The new study, published in Scientific Reports, was conducted by a team of researchers from Norway, Spain and France. Together, they analysed the largest known collection of red and yellow mineral pigment fragments, commonly called ochre, dated to the Middle Stone Age (MSA, 300-40 000 years ago) and found at Porc-Epic Cave, Ethiopia. Their study shows that human groups visiting this site have gradually modified the techniques used to produce pigments, adapting to cultural or environmental changes that reduced their access to quality raw materials.
Innovative cultural traits
Francesco d’Errico says the new study is instrumental to understand the persistent and constantly evolving use of ochre 40,000 years ago in Ethiopia.
“Discoveries documenting the emergence of behavioural modernity in Africa have revealed that innovative cultural traits emerge in this continent at different times and in different regions. However, ancient sites that yielded archaeological collections large enough to precisely trace how these minerals were acquired, processed and used are rare”, explains d’Errico.
Key element in cultural development
“In order to understand the mechanisms and processes that have led to the development of modern cultures, we need to document and compare cultural trajectories in different regions. However, ancient sites that yielded archaeological collections large enough to precisely trace how these minerals were acquired, processed, and used are rare. Porc-Epic cave is, in this respect, a remarkable exception”, d’Errico explains.
“This cave features the largest African collection of ochre dated to the MSA in a region with few sites providing information on this key behavioural innovation. The findings from Porc-Epic therefore represent a unique opportunity for comparison with other African records”, d’Errico says.
Adapting technology to climate change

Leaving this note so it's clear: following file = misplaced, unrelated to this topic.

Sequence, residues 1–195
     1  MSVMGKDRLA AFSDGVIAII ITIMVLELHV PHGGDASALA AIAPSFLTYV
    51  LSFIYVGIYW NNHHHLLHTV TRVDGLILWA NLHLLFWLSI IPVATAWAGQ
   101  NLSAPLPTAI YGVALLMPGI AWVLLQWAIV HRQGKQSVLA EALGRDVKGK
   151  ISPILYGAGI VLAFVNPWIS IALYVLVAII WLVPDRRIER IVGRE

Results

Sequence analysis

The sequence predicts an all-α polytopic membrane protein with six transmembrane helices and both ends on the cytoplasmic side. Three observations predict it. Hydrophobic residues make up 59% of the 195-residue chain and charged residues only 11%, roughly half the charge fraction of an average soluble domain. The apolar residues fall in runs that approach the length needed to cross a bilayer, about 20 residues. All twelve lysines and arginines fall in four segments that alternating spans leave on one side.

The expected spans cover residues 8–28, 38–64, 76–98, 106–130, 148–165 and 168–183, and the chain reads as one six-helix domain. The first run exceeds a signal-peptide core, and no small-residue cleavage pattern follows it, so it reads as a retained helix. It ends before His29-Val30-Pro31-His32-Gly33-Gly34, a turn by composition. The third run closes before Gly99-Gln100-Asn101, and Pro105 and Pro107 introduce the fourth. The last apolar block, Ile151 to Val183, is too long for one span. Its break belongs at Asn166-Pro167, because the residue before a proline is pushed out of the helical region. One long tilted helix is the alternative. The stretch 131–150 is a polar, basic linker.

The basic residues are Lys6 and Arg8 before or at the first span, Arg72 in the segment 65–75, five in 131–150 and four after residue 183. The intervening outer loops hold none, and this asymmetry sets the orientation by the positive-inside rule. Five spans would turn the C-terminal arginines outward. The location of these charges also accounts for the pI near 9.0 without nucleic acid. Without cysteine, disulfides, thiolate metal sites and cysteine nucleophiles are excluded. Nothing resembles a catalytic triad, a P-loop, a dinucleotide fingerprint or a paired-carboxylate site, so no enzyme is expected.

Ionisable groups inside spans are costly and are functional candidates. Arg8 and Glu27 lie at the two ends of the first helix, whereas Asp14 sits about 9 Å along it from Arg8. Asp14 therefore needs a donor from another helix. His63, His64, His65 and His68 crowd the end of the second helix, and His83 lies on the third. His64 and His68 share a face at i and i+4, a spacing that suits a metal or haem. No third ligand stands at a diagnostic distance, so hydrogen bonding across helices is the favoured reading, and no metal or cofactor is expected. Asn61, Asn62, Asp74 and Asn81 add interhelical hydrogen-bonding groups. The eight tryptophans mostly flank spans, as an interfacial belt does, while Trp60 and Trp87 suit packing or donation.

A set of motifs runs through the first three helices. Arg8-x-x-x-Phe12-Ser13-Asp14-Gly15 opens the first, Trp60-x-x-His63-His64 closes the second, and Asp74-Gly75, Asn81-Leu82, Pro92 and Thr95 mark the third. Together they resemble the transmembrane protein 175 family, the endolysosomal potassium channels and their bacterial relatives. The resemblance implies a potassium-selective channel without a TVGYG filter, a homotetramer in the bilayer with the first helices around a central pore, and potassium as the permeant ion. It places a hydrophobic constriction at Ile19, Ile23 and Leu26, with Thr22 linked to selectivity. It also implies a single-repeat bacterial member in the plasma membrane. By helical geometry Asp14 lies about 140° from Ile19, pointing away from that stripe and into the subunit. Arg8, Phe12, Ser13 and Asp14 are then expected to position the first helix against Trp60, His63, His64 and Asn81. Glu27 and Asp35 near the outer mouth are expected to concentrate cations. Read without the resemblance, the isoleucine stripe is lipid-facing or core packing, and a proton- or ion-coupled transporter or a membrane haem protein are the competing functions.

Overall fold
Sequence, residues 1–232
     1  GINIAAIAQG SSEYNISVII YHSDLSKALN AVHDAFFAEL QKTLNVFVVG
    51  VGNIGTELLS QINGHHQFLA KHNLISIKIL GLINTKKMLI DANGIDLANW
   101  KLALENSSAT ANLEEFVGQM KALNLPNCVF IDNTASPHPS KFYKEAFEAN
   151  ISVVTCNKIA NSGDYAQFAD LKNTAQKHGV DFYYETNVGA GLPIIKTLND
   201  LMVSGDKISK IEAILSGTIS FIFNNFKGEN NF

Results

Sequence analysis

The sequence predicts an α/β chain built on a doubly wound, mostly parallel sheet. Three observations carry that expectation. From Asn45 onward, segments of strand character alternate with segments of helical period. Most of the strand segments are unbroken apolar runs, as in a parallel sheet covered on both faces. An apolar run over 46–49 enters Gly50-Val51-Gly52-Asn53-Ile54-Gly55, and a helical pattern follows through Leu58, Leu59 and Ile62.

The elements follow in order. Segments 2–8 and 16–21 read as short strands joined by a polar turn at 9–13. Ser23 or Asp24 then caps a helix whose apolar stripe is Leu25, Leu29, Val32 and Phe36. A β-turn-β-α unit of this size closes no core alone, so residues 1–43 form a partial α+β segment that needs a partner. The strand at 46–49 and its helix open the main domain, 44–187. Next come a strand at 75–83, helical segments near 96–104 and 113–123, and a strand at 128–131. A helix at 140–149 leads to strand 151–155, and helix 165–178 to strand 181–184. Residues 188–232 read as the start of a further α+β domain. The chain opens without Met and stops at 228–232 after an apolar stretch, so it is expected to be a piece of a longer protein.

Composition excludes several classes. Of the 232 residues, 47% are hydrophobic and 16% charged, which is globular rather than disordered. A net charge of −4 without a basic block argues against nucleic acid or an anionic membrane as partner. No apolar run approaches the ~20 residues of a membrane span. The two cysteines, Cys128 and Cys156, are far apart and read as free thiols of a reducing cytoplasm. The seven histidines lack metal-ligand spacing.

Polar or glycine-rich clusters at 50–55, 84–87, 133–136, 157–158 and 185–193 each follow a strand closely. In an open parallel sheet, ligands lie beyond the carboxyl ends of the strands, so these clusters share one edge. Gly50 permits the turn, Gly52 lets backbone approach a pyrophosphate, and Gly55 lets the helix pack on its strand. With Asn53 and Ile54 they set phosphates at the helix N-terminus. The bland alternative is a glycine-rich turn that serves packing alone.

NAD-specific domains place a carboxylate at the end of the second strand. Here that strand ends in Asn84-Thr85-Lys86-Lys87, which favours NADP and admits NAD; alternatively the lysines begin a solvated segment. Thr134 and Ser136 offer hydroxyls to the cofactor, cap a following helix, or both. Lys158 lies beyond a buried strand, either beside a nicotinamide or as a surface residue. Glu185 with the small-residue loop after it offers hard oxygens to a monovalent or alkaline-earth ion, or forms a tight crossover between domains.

The cave site of Porc-Epic, Dire Dawa, Ethiopia, dated around 40,000 years ago, represents one of the few Palaeolithic sites that have yielded a continuous and extensive record of ochre use, spanning a period of at least 4,500 years. More than 40 kg of ochre (4213 pieces), 21 ochre processing tools, and two ochre-stained artefacts were found during the site excavation.
By analysing the chemical composition of ochre pieces found at the site and natural ochre from the cave’s surroundings, and studying the techniques used to process these rocks, the authors unveil how MSA inhabitants of the cave exploited mineral resources.
“Results show that they were able to predict the properties of different ochre types accessible in their environment, and gradually adapt their technology to changes in the availability of raw materials,” d’Errico says.
Emergence and evolution of complex cultures
He explains that a wide variety of ochre types were collected and brought to the site to produce ochre powder of different textures and shades, probably adapted to different symbolic or functional activities. However, the ubiquitous presence of red ochre, rich in hematite, throughout the occupations of the site, indicates that Porc-Epic inhabitants were specifically interested in this particular colour and mineral when collecting ochre pieces in the environment or exchanging them with neighbouring populations.
“The study of the Porc-Epic ochre record indicates the production of mineral pigment was deeply rooted in late East African MSA societies, but was also in constant evolution, during a period essential to our understanding of the emergence and evolution of complex cultures”, d’Errico says.